North Korea has shifted a missile with “considerable range” to its east coast, South Korea’s Foreign Minister Kim Kwan-jin has announced.
Kim Kwan-jin played down concerns that the missile could target the US mainland, and said North Korea’s intentions were not yet clear.
Pyongyang earlier renewed threats of a nuclear strike against the US, though its missiles are not believed to be capable of carrying nuclear warheads.
The US is responding to North Korea by moving missile defense shields to Guam.
Meanwhile, Russia said Pyongyang’s attempts to “violate decisions of the UN Security Council are categorically unacceptable”.
“This radically complicates, if it doesn’t in practice shut off, the prospects for resuming six-party talks,” foreign ministry spokesman Alexander Lukashevich said in a statement on Thursday.
The talks involving North and South Korea, the US, Russia, China and Japan were last held in late 2008.
Japan said it was co-operating closely with the US and South Korea to monitor North Korea’s next move.
Japan’s PM Shinzo Abe said that although the rhetoric was “increasingly provocative”, Tokyo would “calmly” watch the situation.
Government spokesman Yoshihide Suga earlier told reporters that Japan was braced for a “worst-case scenario”.
The Pentagon said the shield on its Pacific island territory would be ready within weeks, adding to warships already sent to the area.
North Korea has previously named Guam among a list of possible targets for attack that included Hawaii and the US mainland.
Japanese and South Korean reports had suggested the missile being moved by North Korea was a long-range one with a capability of hitting the US west coast.
However, experts believe North Korea’s most powerful rocket, which it test-fired last December, has a range of 3,700 miles (6,000 km) and can reach no further than Alaska.
Kim Kwan-jin told MPs in a parliamentary defense committee meeting that the missile had “considerable range”.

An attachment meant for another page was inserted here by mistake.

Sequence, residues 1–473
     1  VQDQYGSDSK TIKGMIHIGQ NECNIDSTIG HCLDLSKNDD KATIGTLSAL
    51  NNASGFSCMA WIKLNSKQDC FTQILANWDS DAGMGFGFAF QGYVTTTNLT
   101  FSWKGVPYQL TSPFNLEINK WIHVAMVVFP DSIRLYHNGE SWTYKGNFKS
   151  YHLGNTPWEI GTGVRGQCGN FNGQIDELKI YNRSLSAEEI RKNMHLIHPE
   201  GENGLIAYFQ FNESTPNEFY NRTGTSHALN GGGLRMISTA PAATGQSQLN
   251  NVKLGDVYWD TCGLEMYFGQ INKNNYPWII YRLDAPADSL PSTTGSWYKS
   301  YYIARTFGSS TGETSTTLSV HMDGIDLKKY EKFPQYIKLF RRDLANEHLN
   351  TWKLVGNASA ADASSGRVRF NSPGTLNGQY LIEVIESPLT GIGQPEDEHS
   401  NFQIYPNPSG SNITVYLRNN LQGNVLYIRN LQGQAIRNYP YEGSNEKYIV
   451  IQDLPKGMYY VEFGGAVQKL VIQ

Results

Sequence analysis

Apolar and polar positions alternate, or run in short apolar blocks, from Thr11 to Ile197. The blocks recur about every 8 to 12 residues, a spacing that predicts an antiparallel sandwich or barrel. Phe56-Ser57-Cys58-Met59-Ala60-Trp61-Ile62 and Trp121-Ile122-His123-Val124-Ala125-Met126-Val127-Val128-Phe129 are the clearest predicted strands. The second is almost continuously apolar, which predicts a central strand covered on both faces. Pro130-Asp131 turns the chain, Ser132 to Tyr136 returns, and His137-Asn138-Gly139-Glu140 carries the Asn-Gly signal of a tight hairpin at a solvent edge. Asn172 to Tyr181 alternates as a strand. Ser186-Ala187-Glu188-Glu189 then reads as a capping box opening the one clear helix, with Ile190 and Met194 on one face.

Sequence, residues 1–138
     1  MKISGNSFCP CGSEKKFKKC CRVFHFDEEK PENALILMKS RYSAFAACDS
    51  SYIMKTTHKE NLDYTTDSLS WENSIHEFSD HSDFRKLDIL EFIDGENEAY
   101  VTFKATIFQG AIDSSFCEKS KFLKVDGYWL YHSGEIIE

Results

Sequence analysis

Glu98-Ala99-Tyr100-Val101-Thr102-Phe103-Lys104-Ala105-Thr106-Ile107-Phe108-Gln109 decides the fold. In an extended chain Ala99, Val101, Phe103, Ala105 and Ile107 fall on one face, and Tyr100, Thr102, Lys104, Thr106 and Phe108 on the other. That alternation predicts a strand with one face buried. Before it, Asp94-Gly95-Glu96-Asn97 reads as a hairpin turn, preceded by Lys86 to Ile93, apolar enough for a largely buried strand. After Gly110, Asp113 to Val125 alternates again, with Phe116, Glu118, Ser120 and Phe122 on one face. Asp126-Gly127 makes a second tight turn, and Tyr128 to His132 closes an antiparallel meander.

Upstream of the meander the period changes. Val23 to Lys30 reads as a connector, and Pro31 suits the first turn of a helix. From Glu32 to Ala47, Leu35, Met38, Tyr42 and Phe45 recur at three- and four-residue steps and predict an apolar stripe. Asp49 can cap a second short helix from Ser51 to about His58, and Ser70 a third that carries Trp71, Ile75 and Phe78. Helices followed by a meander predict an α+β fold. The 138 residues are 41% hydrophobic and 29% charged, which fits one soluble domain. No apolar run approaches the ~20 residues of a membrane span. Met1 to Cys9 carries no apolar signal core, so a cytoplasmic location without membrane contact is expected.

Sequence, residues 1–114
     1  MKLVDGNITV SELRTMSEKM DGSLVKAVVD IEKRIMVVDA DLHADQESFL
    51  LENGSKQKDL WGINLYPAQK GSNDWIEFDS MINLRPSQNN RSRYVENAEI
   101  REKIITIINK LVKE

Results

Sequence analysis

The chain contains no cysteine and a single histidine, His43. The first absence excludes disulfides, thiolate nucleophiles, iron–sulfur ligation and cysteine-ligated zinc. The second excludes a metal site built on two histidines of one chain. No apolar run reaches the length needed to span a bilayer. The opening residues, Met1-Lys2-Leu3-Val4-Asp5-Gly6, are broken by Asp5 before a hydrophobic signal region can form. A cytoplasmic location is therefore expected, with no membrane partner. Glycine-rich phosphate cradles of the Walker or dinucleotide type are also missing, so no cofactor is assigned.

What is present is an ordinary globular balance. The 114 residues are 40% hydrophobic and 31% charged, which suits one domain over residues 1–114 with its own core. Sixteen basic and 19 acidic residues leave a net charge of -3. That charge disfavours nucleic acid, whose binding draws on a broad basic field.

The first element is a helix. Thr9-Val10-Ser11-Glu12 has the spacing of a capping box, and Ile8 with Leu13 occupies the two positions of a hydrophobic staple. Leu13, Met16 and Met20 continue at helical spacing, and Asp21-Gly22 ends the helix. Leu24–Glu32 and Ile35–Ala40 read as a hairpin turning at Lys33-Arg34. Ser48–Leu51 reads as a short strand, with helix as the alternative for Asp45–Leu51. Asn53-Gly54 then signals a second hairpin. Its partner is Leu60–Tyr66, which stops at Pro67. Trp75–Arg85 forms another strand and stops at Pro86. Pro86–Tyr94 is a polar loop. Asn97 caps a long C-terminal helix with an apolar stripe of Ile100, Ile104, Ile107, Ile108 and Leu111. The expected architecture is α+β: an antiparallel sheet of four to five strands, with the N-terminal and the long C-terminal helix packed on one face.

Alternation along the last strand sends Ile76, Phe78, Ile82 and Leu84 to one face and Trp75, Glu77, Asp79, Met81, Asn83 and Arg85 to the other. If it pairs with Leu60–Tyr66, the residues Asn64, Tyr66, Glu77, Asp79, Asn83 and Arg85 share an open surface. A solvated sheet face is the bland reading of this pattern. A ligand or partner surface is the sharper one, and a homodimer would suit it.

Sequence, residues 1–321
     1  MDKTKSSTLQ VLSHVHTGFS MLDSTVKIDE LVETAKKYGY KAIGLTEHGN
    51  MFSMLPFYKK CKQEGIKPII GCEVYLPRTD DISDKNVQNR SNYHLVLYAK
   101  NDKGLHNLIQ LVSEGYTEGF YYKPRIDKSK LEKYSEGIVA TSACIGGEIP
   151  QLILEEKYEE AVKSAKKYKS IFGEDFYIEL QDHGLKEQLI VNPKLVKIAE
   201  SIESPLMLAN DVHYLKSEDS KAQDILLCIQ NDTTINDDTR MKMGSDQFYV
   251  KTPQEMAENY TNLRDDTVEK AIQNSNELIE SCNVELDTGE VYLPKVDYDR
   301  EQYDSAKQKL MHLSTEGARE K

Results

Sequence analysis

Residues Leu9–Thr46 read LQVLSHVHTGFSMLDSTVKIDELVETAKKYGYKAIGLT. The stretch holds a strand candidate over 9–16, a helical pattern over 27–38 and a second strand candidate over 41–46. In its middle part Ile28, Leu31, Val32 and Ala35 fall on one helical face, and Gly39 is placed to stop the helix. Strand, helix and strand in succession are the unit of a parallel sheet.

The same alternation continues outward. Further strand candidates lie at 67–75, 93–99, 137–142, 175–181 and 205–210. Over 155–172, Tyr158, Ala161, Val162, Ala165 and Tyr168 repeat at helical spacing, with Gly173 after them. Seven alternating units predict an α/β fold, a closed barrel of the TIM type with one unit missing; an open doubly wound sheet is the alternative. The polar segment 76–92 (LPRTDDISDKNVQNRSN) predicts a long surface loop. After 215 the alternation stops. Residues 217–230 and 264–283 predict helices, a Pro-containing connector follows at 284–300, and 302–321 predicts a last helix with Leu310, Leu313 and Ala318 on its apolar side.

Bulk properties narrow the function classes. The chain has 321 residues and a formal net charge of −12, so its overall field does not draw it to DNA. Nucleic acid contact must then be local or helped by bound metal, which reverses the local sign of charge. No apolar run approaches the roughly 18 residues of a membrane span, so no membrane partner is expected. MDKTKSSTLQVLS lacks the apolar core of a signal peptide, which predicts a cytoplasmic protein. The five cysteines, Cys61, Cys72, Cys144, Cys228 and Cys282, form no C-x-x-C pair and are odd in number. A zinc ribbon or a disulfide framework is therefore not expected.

“The missile does not seem to be aimed at the US mainland. It could be aimed at test firing or military drills,” he said.
Analysts have interpreted Kim Kwan-jin’s description as referring to the Musudan missile, estimated to have a range up to 2,500 miles (4,000 km). Guam would be within that range.
North Korea is believed to have its main military research centres in the east.
It has test-fired missiles from there before, and its three nuclear weapons tests were carried out in the east.
Despite its belligerent rhetoric, North Korea has not taken direct military action since 2010, when it shelled a South Korean island and killed four people.
In recent weeks North Korea has threatened nuclear strikes and attacks on specific targets in the US and South Korea.
The communist country has announced a formal declaration of war on the South, and pledged to reopen a mothballed nuclear reactor in defiance of UN Security Council resolutions.
In its latest statement, attributed to a military spokesman, North Korea appeared to refer to continuing military exercises between the US and South Korea in which the US has flown nuclear-capable bombers over the South.
The statement said the “ever-escalating US hostile policy towards the DPRK [North Korea] and its reckless nuclear threat will be smashed”.
North Korea promised to use “cutting-edge smaller, lighter and diversified nuclear strike means of the DPRK” and said the “merciless operation of its revolutionary armed forces in this regard has been finally examined and ratified”.
The US Department of Defense said on Wednesday it would deploy the ballistic Terminal High Altitude Area Defense System (THAAD) to Guam in the coming weeks.
The THAAD system includes a truck-mounted launcher and interceptor missiles.
US officials recently also announced that the USS John McCain, a destroyer capable of intercepting missiles, had been positioned off the Korean peninsula.
Some analysts say Pyongyang’s angry statements are of more concern than usual because it is unclear exactly what North Korea hopes to achieve.
As well as the angry statements, North Korea has also shut down an emergency telephone line between Seoul and Pyongyang and stopped South Koreans from working at Kaesong Industrial Complex in the North.
Kaesong industrial park, one of the last remaining symbols of co-operation between the neighbors, is staffed mainly by North Koreans but funded and managed by South Korean firms.